Whatever will Santa do if his factory sinks and he can't deliver all the toys he and his helpers have diligently constructed for months? Where can he go to get help? From a female president? From environmentally astute children?

A novel idea?

You bet, and Raymond School second-grader Ethan Kheim Matsuda has already formulated the plot and published the results in his first children's novella, "The North Pole is Sinking: A Tale About Global Warming."

Of course, he had some help from his father, high school English teacher Michael Matsuda.

Granted, Dad was probably there to add some catchy phasing and hired the illustrator, Vanessa Lam, from his alma mater, UCLA.

But after meeting Ethan, 7, it's apparent he's quite capable of conjuring up concepts by himself.

The Matsudas will be in the spotlight at 2 p.m. Saturday at Libreria Martinez Bookstore, 1110 N. Main St., Santa Ana where Ethan will hold a book signing. U.S. Rep. Loretta Sanchez, D-Santa Ana, agreed to attend. Orders are also available at

Ethan already has the attributes of a best-selling author.

He's approachable, conversant, captivating, intelligent and a whiz at marketing. Simply put, he's a pint-sized wonder.

We're sitting in the front office at Raymond with his grandmother, Ruth Matsuda, who lives down the street. Ethan announces, "I popped a mint in my mouth so my breath would be fresh."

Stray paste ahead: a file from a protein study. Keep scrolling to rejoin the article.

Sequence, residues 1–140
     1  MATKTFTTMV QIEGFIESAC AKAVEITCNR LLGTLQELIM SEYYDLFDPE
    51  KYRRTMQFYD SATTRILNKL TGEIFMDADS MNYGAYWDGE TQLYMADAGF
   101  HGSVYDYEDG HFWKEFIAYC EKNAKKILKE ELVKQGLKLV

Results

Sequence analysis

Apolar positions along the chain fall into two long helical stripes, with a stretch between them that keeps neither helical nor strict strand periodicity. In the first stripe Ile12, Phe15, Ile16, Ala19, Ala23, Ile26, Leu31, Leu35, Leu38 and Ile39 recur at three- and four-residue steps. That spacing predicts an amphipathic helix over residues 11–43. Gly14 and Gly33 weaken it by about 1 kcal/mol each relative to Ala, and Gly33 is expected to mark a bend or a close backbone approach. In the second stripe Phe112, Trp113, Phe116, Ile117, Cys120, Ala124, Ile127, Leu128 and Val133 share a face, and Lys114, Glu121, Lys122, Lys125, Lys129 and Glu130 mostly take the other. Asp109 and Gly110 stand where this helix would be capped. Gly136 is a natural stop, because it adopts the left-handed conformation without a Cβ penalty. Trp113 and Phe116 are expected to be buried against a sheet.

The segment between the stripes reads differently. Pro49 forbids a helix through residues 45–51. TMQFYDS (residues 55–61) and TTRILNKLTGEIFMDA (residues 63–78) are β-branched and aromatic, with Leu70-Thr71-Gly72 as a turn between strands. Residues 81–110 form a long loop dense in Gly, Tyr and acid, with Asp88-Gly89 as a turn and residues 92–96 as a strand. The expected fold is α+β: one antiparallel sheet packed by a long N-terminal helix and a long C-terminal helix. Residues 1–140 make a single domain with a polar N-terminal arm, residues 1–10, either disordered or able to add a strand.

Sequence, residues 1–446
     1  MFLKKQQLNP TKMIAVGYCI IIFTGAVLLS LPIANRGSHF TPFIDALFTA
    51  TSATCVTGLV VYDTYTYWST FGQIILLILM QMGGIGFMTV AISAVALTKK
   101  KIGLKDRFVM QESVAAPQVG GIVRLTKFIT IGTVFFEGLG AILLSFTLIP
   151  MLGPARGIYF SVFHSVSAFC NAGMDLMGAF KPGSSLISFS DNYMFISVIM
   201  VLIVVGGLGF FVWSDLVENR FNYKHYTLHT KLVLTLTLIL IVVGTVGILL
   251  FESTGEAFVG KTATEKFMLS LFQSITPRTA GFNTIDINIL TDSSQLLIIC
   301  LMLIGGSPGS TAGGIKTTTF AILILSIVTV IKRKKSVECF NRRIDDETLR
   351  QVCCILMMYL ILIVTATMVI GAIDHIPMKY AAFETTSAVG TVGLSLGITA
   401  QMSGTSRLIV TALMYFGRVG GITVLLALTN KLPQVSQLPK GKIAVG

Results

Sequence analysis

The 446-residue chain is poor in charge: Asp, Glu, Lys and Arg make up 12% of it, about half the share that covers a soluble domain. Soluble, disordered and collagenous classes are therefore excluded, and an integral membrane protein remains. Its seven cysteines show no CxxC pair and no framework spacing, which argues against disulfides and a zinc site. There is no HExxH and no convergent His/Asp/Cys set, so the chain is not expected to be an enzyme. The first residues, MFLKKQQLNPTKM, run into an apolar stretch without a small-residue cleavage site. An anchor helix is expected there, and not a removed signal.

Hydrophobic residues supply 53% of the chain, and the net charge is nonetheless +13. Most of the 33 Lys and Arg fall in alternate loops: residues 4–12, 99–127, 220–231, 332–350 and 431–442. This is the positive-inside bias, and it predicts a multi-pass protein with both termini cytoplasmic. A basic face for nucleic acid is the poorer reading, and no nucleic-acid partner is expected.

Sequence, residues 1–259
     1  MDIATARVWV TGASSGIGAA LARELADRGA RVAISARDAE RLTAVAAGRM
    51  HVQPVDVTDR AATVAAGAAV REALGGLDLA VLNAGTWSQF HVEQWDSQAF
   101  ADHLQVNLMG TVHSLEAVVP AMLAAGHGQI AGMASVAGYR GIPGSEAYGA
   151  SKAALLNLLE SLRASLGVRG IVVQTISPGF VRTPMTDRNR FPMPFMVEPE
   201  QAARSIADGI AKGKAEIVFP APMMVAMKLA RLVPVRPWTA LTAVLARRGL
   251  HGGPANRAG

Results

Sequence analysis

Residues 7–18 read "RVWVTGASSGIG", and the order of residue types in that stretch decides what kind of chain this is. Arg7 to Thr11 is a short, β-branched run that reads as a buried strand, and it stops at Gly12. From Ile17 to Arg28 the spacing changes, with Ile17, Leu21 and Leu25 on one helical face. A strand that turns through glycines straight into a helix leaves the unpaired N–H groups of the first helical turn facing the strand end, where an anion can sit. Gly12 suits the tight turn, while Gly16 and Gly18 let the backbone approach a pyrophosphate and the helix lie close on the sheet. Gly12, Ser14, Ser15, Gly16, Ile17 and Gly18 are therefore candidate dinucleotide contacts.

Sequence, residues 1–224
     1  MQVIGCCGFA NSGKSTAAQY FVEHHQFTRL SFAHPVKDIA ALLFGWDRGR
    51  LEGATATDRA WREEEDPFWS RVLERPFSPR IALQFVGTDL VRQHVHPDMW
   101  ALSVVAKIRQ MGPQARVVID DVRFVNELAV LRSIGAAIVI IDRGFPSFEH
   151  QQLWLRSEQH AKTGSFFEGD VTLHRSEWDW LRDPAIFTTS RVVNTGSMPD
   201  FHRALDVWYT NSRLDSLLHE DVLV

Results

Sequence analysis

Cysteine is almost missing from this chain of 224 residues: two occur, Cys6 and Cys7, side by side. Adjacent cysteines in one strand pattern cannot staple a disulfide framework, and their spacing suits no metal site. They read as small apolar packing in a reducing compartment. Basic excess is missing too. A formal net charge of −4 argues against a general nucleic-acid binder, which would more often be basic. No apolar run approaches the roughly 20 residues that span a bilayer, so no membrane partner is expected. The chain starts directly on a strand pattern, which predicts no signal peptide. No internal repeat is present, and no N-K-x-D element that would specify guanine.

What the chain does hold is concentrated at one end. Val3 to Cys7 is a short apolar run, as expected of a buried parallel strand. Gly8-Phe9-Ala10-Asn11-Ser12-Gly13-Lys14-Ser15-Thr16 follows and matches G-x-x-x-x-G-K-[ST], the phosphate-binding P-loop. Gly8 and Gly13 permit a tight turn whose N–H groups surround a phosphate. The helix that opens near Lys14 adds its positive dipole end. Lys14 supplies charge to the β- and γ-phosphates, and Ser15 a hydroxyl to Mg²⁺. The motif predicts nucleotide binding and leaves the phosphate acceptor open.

Good idea, Ethan. We wish more adults were as considerate.

Raymond Principal Yolanda McComb ushers us into her office where Ethan is prepared for an interview. He quickly explains his mother, Suzie Dong-Matsuda, was visiting Taiwan last August and he wanted to check on a National Geographic globe exactly where she was located.

"I noticed there was no ice on the North Pole, and I thought about global warming," Ethan remembers. "Dad tells me things that may be causing trouble to the world."

He picks up one of his 2,000 self-published editions and summarizes its discussion points: smog, reindeer coughing, windmills to harness electricity from the wind, solar panels, hydrogen-powered cars and even chicken poop to make clean fuel.

This is one curious, creative kid.

Contacted at his job, Michael says he and Ethan worked on the story for a few weeks while vacationing last August in Monterey.

"This is a great accomplishment for Ethan and his dad to do in one summer," McComb says. "This book gives me a lot of hope; it's an example of what kids in the future can do for us."

Grandma Ruth says she's been reading to Ethan since he was a toddler. And they visit the Bookmobile when it comes to Raymond.

Ask Ethan what else he enjoys, and there's not one word about computers or video games. He's too busy playing with Legos, HO trains, toy gears and a solar racer. And for last year's science fair, he had business cards printed with the moniker, Ethan Matsuda, Rocket Scientist.

"My daddy plays with me and takes me places all the time," Ethan says. "Mom is on the computer a lot and in class because she wants to be an eye doctor."